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1 billion people live in chronic hunger and I’m mad as hell /2010/10/1-billion-people-live-in-chronic-hunger-and-im-mad-as-hell/ /2010/10/1-billion-people-live-in-chronic-hunger-and-im-mad-as-hell/#comments Tue, 12 Oct 2010 00:11:06 +0000 Will /?p=7496

Join the growing mass of voices that are demanding an end to chronic hunger. It’s time to get mad!

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What do the commonwealth games and polio have in common? /2010/10/what-do-the-commonwealth-games-and-polio-have-in-common/ /2010/10/what-do-the-commonwealth-games-and-polio-have-in-common/#comments Mon, 11 Oct 2010 05:25:46 +0000 jennieod /?p=7513 Polio is now a distant nightmare in the west. But in four remaining polio-endemic countries – India, Pakistan, Afghanistan and Nigeria – it continues to maim and kill.

Three of these – India, Pakistan and Nigeria – were proudly present at the Commonwealth parade. Nothing can be more antithetical to an event that celebrates the power and grace of the human body than a disease that cripples children.

Full story on The Guardian website.

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The meaning behind a little girl’s handshake /2010/09/view-bottom-of-the-pyramid-bop-solutions-for-the-bottom-two-billion-by-michael-oluwagbemi-on-sep-22-2010-0-comments-2-people-like-this-image-last-week-i-discussed-the-problem-of-the-gr/ /2010/09/view-bottom-of-the-pyramid-bop-solutions-for-the-bottom-two-billion-by-michael-oluwagbemi-on-sep-22-2010-0-comments-2-people-like-this-image-last-week-i-discussed-the-problem-of-the-gr/#comments Thu, 23 Sep 2010 04:53:50 +0000 Will /?p=7489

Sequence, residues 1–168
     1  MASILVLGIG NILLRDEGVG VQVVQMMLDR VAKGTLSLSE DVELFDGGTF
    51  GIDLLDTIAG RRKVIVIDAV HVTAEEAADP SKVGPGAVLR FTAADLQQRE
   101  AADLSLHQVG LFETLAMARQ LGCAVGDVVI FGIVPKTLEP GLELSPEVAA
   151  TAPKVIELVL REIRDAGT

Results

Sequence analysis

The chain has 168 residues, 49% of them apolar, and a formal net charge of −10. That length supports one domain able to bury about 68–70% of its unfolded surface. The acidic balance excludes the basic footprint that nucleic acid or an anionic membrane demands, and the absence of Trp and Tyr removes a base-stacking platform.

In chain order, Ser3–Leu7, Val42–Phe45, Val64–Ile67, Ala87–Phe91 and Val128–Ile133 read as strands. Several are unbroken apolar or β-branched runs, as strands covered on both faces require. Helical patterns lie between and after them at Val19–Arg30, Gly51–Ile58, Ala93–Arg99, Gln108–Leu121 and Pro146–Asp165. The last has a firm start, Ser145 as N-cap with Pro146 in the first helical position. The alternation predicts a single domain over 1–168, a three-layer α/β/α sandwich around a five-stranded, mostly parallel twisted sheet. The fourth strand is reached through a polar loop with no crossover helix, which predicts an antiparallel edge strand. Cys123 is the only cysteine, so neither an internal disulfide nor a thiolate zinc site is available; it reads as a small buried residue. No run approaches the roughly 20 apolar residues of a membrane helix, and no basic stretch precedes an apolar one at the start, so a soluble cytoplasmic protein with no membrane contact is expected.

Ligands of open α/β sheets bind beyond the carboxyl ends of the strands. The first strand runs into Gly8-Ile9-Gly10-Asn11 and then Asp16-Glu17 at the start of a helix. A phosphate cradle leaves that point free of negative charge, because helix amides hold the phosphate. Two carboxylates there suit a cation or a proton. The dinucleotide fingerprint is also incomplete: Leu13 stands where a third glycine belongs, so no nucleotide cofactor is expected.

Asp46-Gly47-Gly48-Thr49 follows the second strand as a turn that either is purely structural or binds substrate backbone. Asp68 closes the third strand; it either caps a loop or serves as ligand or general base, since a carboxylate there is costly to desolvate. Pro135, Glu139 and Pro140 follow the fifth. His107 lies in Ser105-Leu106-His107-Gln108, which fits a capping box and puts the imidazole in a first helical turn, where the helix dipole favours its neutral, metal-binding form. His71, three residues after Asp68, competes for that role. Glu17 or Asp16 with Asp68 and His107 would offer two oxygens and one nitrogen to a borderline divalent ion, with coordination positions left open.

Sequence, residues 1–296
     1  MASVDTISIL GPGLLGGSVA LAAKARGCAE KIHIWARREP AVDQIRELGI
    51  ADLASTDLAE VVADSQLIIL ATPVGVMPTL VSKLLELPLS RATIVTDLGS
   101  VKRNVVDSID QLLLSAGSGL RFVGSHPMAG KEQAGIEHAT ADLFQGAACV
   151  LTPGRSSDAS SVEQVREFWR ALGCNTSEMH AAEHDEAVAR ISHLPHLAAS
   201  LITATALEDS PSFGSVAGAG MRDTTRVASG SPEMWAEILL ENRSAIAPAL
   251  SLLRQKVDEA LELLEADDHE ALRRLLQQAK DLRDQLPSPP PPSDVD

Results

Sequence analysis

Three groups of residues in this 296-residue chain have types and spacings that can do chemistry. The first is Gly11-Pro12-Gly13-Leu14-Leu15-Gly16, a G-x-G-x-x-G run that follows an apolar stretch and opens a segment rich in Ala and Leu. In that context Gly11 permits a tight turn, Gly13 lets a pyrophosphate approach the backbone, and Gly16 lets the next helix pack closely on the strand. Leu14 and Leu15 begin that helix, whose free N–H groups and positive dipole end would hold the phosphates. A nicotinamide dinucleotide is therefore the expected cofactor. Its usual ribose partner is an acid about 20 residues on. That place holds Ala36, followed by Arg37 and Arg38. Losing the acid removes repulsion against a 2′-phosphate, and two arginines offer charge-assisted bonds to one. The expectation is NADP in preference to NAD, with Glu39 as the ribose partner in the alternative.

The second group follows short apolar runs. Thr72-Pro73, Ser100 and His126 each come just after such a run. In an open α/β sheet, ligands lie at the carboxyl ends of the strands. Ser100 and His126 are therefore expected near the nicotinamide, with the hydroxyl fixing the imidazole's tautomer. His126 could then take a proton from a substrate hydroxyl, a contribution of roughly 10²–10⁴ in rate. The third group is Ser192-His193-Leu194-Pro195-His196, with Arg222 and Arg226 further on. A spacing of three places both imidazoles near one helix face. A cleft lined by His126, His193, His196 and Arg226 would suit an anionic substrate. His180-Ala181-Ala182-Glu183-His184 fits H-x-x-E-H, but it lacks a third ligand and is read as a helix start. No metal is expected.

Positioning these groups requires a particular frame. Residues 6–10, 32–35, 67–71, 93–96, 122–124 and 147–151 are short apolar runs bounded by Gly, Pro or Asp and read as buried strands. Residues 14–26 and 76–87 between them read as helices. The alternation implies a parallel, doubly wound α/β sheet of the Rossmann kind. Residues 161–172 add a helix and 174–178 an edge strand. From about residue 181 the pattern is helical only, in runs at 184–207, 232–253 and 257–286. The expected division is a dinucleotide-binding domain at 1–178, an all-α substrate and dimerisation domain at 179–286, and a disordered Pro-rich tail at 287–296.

She is only 12 years old. A pupil at Winnie Ngwekazi Primary School in Soweto, an urban area of the city of Johannesburg in Gauteng, South Africa. She has never been on an airplane until last week. Yet, now she stands thousands of miles from home at the UN Summit in New York; speaking at an event hosted by Queen Rania of Jordan and with an audience that includes former Prime Minister Gordon Brown and World Bank Managing Director Ngozi Okonjo-Iweala. She is small in size, yet her message is big and loud: education is a right for all…

Her name is Nthabiseng Tshabalala, the Global Campaign for Education’s youngest 1GOAL ambassador. As she stands at the podium—her height supported by a single foot stool—she declares “education is important for all kids my age. But, not just children in South Africa—or even all of Africa—but in the United Kingdom and in the United States of America and everywhere in the world.” The whole room is humbled; her passion for education gives her more height than the foot stool ever could…….

Read the rest of the article here.